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Raised bed around a tree

We have recently moved to a property with this huge beech tree on the drive. We have recently had the tarmac redone and were advised to put in sleepers around the tree . I am a little confused as to what to do next . I was going to do a raised bed with some nice plants but I see there are different views on this due to the tree roots . The tree is huge so assumed as it was so established and already on a tarmac drive that putting soil in around it would not harm it? Is it better just to level out with some mulch and pop some nice pots in there? Any advice gratefully received 
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  • PalustrisPalustris Posts: 3,669
    Putting soil around the base of a tree can cause problems with rot for the tree. I would say that putting pots of plants rather than soil would be safer.
  • FairygirlFairygirl west central ScotlandPosts: 39,390
    While I'd have to agree with @Palustris, I've actually done this with a tree and it's been fine.
    If it's done very gradually over a long period of time, with a suitable medium, the tree can adjust. However, you may not want to do it, because it's quite risky.  
    You could always sneak a few spring bulbs in there and/or some low growing ground cover instead, which would help disguise the 'gap'. If done sensitively, that would provide a good alternative.  :)
    It's a place where beautiful isn't enough of a word....


  • ObelixxObelixx Vendée, Western FrancePosts: 26,235
    edited February 2020
    Sorry Liam but no free advertising allowed.

    I would follow @Fairygirl's advice and gradually build up the levels of soil or compost around those roots over a few seasons.  It will require patience so use pots to disguise them for now and make sure they get enough water for the roots too without drowning them.   You could also place pots in front of those sleepers with plants that would reduce their starkness without impacting the tree roots.
    "We don't stop playing because we grow old; we grow old because we stop playing." - George Bernard Shaw
  • Liz.S.Liz.S. My gardenPosts: 55
    Adding gravel would cause the same problems as adding soil and vinegar is for chips not weed  killing.
    "Life returns. Life prevails. Resistance is futile" Rusty the dalek
  • Looking at the trunk of the tree it looks rather like a silver birch to me. They are not very long lived trees compared to a beech or oak. I agree with the above, use potted plants, you can ring the changes each year and it will not upset the tree. I think the tarmac, so close to the base of the tree may cause it problems with lack of moisture in long hot spells of weather in the summer. It is impossible to keep a full grown tree alive with hand watering as they need so much water to stay alive, a tree of that size will probably keep going for a few years and then slowly die off. Sorry tosound so depressing but I lost 3 silver birch due to hot weather some years ago, so frustrating.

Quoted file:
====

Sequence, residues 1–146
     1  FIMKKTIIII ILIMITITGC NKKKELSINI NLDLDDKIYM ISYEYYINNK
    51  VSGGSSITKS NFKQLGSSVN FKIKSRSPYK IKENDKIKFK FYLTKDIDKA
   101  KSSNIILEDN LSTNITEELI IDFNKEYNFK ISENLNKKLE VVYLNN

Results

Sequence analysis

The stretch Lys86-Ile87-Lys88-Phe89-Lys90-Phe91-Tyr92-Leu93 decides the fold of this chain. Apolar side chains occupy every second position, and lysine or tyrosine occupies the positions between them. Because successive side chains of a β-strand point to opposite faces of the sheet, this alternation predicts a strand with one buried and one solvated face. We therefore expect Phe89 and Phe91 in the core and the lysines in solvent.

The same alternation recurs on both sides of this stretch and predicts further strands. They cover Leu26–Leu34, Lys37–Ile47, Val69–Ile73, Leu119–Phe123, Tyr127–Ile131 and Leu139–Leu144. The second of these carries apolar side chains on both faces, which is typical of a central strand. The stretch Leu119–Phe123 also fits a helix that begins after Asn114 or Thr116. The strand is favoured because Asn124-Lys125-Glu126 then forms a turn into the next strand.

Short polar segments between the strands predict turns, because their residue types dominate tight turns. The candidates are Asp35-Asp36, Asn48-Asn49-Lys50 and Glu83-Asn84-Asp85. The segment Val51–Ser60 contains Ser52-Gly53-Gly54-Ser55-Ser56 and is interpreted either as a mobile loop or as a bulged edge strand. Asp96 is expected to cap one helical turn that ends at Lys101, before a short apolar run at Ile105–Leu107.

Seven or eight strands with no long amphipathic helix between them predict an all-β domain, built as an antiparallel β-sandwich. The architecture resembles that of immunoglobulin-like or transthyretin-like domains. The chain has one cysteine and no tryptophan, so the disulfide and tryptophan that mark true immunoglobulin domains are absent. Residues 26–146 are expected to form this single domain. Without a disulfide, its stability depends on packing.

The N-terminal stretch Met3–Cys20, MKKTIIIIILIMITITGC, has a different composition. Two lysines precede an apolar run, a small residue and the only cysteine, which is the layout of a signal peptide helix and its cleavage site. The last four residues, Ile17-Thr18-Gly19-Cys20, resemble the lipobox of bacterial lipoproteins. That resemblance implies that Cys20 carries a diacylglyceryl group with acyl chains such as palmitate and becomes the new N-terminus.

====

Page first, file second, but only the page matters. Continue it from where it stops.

• Looks like a Beech to me.

    I'd have to agree with pots or maybe hessian sacks.
  • This forum is so helpful . Thank you all for taking time to reply . I think pots are the way forward especially as I am a novice gardener ! 
  • wild edgeswild edges The north west of south east WalesPosts: 6,529
    It is impossible to keep a full grown tree alive with hand watering as they need so much water to stay alive, a tree of that size will probably keep going for a few years and then slowly die off. Sorry tosound so depressing but I lost 3 silver birch due to hot weather some years ago, so frustrating.
    If it's close to the house you could fit a downpipe with a waterbutt and link that to a trickle watering system directed to the base of the tree. Beeches have very wide and shallow root systems though (out beyond the crown of the tree normally) so what effect pouring the red hot tarmac over the top did I don't know. Soil is a pretty good insulator but it depends on what ground prep was done first. I did some work on a house with a TPOed beech recently and we were adviced by the arboriculturalist to build up the driveway on top of the existing ground and only surface it with loose gravel. They could strip any turf but not disturb the soil below. That was on existing garden though so if this was already driveway then the roots might have been deeper anyway.

    Unlike the brain, the stomach warns you when it's empty.
  • DovefromaboveDovefromabove Central Norfolk UKPosts: 71,927
    A tip ... when potting up your chosen plants, use a loam-based John Innes compost. JI no 2 or 3 will be suitable. 
    Not one of the lightweight Multi-purpose type general composts. They dry out too quickly and your plants will struggle if they’re going to be there long term. 
    Also the loam-based compost is physically heavier and the pots won’t blow around as easily. 
    “I am not lost, for I know where I am. But however, where I am may be lost.” Winnie the Pooh







  • csbogedcsboged Posts: 1
    You could do what Dovefromabove suggested which I feel is a better idea than mine. Mine would be to recreate the bed around the tree to provide an inside wall close to but not touching the tree along with a bottom (ensure to allow for drainage), offering the same look. This would be a lot more work and that is why going with John Innes compost would be better suited for your current situation. I am going to draft mine from scratch so I don't have to re-create like you would have to. Plus wood is still expensive in my area. 
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